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It is important to be extra cautious when dealing with medication dispensement and accurate and timely documentation of patient records as well as accurate Medication Administration (MAR).


In February 2013, a nurse employed in a Texas hospital withdrew hydrocodone and oxycodone from the medication dispensement system and falsely documented that she dispensed the medications to the patient.


When the patient was required to produce a specimen for the drug test, it was discovered that the patient tested negative for opiates and oxycodone.


The nurse’s conduct was considered deceptive and resulted in inaccurate medical records and is a violation of Chapter 481 (Controlled Substances Act) of the Texas Health & Safety Code.


The second charge occurred in February of 2013 when the nurse misappropriated or failed to take action to prevent the misappropriation of hydrocodone and oxycodone from the hospital and patients.


The third charge also occurred in February of 2013 when the nurse administered hydrocodone in excess dosage that was outside of the physician’s original order.


In the fourth charge, the nurse’s actions resulted in failure to accurately document administration of the hydrocodone in the patient’s Medication Administration Record (MAR).  Furthermore, the nurse failed to follow the hospital’s procedure and policy for wastage of any unused portions of medications.  The nurse’s actions resulted in incomplete medical records, medications were left unaccounted for and the actions were deemed to deceive the hospital pharmacy.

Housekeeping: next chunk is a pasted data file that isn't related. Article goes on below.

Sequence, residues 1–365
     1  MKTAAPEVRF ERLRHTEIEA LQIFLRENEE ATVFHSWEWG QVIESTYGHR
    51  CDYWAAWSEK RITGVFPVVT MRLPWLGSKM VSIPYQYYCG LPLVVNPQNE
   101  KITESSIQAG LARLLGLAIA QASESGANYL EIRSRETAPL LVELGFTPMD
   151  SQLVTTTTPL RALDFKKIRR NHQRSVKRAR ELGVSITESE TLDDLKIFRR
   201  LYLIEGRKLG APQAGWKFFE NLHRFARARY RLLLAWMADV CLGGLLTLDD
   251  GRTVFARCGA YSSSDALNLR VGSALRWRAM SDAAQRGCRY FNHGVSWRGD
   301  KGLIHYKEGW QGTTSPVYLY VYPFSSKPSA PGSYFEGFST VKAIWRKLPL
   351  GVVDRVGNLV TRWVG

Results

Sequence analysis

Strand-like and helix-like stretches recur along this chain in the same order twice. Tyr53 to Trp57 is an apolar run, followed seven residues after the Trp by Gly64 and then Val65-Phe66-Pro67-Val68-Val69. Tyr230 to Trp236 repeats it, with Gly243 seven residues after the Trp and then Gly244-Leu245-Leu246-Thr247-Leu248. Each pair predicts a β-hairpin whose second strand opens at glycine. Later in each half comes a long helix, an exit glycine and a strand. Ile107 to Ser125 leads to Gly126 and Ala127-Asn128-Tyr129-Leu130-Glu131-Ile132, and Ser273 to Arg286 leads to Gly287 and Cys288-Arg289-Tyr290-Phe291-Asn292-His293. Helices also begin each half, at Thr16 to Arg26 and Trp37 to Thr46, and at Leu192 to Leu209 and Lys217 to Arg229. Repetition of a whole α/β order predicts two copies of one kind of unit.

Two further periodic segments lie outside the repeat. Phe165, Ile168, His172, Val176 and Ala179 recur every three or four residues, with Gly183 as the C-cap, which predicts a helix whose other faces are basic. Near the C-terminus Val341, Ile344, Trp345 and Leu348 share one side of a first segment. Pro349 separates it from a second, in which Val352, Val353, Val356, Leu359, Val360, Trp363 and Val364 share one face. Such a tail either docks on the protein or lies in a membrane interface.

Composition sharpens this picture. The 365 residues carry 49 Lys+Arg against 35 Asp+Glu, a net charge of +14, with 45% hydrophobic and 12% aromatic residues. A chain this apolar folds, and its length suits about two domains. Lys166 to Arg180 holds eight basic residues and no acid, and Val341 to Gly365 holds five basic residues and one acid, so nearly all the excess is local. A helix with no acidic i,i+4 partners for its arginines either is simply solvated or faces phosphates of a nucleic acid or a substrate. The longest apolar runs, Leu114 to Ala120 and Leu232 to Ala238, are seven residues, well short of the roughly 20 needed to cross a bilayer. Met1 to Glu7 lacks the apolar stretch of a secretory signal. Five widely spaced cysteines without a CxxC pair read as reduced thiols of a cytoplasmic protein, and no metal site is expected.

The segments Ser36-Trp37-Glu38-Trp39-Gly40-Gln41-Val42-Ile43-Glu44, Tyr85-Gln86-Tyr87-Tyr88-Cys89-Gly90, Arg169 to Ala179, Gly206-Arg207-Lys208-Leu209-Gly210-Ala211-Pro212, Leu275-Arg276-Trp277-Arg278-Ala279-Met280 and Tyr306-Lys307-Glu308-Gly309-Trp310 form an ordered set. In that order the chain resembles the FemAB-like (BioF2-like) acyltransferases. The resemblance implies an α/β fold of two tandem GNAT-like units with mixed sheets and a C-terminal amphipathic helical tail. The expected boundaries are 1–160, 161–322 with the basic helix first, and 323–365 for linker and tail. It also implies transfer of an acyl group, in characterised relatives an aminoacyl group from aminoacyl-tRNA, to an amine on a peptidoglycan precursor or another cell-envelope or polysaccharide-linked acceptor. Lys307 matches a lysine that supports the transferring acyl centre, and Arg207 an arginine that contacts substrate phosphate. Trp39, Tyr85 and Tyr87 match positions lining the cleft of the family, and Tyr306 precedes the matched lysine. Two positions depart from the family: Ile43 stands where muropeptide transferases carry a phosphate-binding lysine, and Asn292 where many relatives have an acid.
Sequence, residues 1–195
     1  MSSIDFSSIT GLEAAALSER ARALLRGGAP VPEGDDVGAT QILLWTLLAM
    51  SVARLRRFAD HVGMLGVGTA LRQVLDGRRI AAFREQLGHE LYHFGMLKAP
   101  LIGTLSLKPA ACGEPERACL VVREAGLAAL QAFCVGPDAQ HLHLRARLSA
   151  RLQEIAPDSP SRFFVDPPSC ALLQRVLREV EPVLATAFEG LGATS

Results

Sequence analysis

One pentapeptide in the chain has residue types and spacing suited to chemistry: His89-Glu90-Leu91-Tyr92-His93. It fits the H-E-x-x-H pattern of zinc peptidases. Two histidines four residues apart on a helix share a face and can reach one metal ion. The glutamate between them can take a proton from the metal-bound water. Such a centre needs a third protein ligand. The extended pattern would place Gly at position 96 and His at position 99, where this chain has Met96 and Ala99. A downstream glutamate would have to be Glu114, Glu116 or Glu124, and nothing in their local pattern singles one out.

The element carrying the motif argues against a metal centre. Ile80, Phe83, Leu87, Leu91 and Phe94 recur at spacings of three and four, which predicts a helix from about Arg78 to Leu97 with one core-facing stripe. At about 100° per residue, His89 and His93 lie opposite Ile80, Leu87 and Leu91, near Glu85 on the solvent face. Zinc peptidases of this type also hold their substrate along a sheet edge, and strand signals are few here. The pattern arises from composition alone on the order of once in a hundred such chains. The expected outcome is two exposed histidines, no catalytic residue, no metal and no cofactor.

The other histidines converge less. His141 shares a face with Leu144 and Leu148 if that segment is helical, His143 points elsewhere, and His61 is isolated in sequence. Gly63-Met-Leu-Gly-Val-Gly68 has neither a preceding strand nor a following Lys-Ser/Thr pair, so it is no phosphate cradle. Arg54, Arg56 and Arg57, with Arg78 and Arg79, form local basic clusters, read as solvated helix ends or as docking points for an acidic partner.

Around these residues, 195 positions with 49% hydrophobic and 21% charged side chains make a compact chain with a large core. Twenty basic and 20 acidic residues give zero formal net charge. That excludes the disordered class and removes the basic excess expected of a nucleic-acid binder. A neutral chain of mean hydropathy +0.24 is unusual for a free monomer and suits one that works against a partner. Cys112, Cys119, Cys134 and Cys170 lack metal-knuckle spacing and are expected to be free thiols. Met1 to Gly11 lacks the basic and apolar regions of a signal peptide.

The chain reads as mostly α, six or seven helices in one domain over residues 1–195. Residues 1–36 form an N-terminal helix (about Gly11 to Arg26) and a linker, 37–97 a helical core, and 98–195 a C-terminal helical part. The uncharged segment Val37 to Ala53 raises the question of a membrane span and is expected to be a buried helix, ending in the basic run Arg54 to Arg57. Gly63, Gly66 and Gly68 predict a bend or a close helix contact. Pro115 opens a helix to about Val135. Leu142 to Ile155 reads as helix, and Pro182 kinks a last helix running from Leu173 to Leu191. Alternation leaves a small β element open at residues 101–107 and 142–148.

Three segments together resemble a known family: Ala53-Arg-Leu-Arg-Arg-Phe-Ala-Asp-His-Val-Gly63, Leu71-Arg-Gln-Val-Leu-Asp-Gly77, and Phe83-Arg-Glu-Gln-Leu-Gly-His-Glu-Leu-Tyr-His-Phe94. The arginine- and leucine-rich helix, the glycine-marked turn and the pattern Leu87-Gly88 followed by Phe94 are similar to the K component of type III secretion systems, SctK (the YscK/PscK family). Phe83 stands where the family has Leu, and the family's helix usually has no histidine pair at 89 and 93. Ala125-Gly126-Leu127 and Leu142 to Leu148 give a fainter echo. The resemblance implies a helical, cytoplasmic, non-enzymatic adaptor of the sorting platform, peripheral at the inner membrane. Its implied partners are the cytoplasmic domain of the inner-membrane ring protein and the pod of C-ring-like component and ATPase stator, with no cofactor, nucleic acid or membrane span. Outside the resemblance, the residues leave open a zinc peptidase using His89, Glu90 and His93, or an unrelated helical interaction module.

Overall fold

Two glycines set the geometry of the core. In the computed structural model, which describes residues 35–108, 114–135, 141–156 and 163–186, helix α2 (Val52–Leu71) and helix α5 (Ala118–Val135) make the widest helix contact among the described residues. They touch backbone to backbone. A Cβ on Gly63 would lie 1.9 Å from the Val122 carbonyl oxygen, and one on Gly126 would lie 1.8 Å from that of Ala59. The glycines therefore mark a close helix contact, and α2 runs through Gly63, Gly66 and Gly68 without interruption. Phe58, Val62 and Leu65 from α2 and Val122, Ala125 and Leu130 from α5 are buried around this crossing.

The above charges constituted grounds for disciplinary action by the Texas Board of Nursing based on violation of Chapter 481 (Controlled Substances Act) of the Texas Health & Safety Code.



Ultimately, this led to the revocation of the nurse’s license to practice nursing in the State of Texas pursuant to the Nursing Practice Act.  The staff also sought to impose the administrative costs including the cost paid by the Board to that State Office of Administrative Hearing and the Office of the Attorney General or other Board counsel for Board staff time, travel, and expenses in the amount of at least $1,200.00.


Houston BON Attorney Can Guide You in Dealing with The Texas Board of Nursing


You may think you have the situation under control if you received notice from the Texas BON, however, because it is your first time facing this type of disciplinary action, you may not be best equipped to strategically handle the situation in your favor.


It is best consult an experienced and savvy Houston BON Attorney who has handled several dozens of similar cases.  Attorney Yong J. An is a Texas nurse attorney serving Houston, Austin, San Antonio, Ft. Worth, and Dallas who can help you protect your nursing license. Mr. An has a proven track record of success and over 10 years of experience handling nurse license cases dealing with the Texas BON.


Contact Mr. An 24/7 by directly calling or texting him at (832) 428-5679.